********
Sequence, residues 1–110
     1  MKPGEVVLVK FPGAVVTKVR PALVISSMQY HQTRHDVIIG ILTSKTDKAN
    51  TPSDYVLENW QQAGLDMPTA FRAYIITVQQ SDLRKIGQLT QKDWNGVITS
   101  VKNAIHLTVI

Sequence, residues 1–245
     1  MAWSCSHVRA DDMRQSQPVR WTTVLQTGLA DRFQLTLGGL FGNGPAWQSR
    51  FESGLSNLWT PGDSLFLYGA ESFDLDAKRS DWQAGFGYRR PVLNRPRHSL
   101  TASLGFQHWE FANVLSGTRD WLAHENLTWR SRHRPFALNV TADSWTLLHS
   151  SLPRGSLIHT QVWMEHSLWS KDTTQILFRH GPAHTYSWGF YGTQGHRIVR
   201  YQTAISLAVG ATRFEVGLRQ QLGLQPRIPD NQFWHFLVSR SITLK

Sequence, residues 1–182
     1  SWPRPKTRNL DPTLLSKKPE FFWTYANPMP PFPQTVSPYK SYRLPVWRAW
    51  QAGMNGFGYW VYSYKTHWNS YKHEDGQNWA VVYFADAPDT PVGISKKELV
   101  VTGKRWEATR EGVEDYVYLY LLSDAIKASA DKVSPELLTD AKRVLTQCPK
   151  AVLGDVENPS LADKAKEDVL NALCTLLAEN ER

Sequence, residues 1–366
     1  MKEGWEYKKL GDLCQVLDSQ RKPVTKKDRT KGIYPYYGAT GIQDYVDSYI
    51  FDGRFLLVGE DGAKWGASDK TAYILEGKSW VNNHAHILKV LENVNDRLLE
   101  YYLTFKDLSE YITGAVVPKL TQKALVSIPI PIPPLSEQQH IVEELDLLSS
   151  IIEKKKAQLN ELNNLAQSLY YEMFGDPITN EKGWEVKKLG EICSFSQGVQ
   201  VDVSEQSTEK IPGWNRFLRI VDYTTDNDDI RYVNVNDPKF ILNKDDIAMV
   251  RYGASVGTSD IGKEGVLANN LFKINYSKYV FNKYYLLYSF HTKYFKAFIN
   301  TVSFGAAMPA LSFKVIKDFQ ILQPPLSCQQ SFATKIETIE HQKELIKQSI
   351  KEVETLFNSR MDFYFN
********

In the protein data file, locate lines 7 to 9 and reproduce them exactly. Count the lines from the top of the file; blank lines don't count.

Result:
    51  FESGLSNLWT PGDSLFLYGA ESFDLDAKRS DWQAGFGYRR PVLNRPRHSL
   101  TASLGFQHWE FANVLSGTRD WLAHENLTWR SRHRPFALNV TADSWTLLHS
   151  SLPRGSLIHT QVWMEHSLWS KDTTQILFRH GPAHTYSWGF YGTQGHRIVR